We’re looking to replace our time-tested, wonderfully reliable 2003 Honda Odyssey. It’s a great van, we love it still, it took us from here to the east coast and back last month without incident, which was great! But it’s starting to get a bit old, and every trip to the dealership for an oil change ends up uncovering numerous other problems.

Here’s a shot of Old Faithful when she was just a pup, still in the lot at Space Coast Honda, Rockledge, FL, on March 17, 2003:

From HondaOdyssey

I love the Odyssey for its smooth ride, spacious bucket seating for the boys in the middle row, and the option for a 3rd row of seats when you want to carry EVERYBODY, such as my boys and my 3 nephews on a road trip with my sister to Florida in 2007:

From 2007 08 03 VollmerBabaTriptoOrmondBeachFL

Dave loved that when the 2nd and 3rd rows of seats were removed, he could transport his train layout:

From HondaOdyssey

Cool, huh?

We also like having the flexibility to tow stuff, if need be. We’ve used the van to tow trailers, including this nifty camper last September:

From HondaOdyssey

(Mind you, it was horrible not being able to see behind us for the 4-hours-each-direction drive between Omaha and North Platte.)

But I have to admit, I’m getting a bit sick of driving a minivan. It was fun for a bit, but I’m not sure I want to continue. Those newer vans are pretty nice, though — perhaps I can stick it out for one more vehicle cycle? Bottom line, the minivans can hold Dave’s layout for a train show, and that’s a very convenient thing for our family. Not to mention transporting the boys’ friends around if need be.

What if I didn’t have to get a minivan again? What do I want? THIS! The Hybrid version. I had a chance to ride in one earlier this year — thanks Louise — and it was so so so so nice!

Pros of a Highlander Hybrid:

1.) It’s a sexy SUV. I don’t have to feel quite so — um — matronly driving around town.
2.) It’s a hybrid — what can I say? We absolutely love our Prius and might be willing to invest in another Toyota hybrid.
3.) It has an option for a 3rd row of seats, many SUVs don’t have that…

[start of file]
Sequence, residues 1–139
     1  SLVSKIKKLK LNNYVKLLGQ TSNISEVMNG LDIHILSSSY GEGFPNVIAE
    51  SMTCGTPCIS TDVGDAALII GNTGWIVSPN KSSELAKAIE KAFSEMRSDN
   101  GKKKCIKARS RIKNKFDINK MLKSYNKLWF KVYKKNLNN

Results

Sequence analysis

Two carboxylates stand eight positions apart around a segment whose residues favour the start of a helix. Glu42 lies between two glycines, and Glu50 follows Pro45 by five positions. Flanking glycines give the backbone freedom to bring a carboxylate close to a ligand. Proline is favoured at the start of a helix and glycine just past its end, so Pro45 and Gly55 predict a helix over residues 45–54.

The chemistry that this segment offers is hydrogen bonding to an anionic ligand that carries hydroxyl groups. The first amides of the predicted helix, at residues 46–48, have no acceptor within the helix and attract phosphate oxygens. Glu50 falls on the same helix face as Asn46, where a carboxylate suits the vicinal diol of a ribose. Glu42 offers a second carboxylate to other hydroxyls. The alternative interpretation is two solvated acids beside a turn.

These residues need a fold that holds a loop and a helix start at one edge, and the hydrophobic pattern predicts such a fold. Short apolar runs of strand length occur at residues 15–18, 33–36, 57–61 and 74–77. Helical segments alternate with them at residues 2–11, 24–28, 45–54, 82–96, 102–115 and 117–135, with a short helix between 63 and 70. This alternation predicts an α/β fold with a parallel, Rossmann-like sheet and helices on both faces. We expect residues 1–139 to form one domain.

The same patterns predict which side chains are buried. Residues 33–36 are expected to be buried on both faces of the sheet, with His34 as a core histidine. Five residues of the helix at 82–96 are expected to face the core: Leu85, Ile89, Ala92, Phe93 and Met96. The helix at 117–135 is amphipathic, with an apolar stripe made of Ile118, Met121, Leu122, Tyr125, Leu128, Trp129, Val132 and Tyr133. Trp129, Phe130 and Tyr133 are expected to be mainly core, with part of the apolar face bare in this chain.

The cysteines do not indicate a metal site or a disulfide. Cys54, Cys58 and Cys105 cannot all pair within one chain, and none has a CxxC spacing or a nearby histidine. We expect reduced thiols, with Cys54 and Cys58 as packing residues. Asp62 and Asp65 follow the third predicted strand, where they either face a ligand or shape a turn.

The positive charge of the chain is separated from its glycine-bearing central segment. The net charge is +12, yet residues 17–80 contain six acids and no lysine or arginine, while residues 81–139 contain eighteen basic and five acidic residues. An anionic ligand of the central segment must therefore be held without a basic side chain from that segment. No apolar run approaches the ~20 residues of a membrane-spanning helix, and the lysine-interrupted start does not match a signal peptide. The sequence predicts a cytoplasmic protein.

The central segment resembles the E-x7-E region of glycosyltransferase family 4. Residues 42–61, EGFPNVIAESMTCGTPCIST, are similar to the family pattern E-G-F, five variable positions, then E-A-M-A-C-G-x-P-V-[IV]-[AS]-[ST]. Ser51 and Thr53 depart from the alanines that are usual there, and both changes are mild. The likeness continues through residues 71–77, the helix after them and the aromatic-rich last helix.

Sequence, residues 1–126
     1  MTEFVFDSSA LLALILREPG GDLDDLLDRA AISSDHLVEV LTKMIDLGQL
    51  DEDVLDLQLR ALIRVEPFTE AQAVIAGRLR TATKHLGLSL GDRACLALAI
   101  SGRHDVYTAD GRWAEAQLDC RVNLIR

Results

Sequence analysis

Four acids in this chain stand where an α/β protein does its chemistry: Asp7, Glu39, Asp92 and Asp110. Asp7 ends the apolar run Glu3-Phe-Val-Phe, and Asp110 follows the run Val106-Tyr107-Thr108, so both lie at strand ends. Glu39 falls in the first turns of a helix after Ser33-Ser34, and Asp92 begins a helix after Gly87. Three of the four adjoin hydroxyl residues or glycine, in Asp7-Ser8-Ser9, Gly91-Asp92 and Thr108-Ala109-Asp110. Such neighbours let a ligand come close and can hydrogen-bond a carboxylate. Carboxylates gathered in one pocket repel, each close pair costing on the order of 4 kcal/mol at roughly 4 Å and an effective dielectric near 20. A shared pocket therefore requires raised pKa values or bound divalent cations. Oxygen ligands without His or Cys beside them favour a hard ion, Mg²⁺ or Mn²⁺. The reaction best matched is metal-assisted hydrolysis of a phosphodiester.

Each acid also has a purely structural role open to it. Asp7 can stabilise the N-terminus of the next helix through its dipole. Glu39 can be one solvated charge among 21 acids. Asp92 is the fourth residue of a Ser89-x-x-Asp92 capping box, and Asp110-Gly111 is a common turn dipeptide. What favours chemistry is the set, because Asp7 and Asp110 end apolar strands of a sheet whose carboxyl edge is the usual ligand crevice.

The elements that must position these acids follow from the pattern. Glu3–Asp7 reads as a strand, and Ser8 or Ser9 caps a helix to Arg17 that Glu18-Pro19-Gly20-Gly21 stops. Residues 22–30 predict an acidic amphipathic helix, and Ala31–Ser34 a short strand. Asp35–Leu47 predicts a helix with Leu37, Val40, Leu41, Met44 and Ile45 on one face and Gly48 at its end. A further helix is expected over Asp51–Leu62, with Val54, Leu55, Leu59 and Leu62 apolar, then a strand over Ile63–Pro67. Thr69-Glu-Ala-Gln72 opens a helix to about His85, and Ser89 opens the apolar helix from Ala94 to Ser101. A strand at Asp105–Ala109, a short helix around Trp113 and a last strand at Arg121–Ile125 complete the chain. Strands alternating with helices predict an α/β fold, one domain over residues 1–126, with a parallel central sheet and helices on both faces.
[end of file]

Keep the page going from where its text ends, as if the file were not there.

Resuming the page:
4.) We can still tow stuff with this particular hybrid, up to 3500 lbs. on a Class II hitch…not all hybrids can!

Cons of a Highlander Hybrid:
1.) Price — the version I’m interested has 3 rows of seats, and it’s the “Limited” version. Of course it’s the most expensive…it’ll hover right around $40K. We haven’t had a car payment in quite a while, so we need to make sure we can sustain the payment with our budget.
2.) Having a hybrid, as great as it is for the environment and gas budget…takes a certain amount of faith. Thanks to years of watching my Dad with tinker with his ’70-something Honda Civic, I know minimal amount about automobiles. (Don’t look now, but that’s my 1989 MULLET!)

From HondaOdyssey

But with a hybrid, so much of it is computerized, you can’t merely open the hood and see/smell/hear a problem. Instead, you have to take the vehicle to the local Toyota dealer and pay for a “diagnostic” test. Where the maintenance guys merely plug in the vehicle to a computer and the computer tells him/her what the problem is. With our Prius, we would get this red exclamation point that indicates a host of problems…only this “diagnostic computer” will tell us the real problem. That type of troubleshooting isn’t necessarily for everyone.
3.) We’d get the 3rd row of seats and a towing capability with the Highlander, but we’d lose the immense cargo space. That’s something Dave and I have discussed quite a bit — how many more times does Dave intend to show his layout? He’s in the midst of expanding the layout, meaning his ability to transport the layout in the back of the van might have some problems soon…who knows?

Running a close 2nd behind the Highlander Hybrid (in my opinion) is a 2009 Odyssey. Yep. Another minivan. I think Dave is leaning more towards the Odyssey — after all, we love the one we have, why change, right?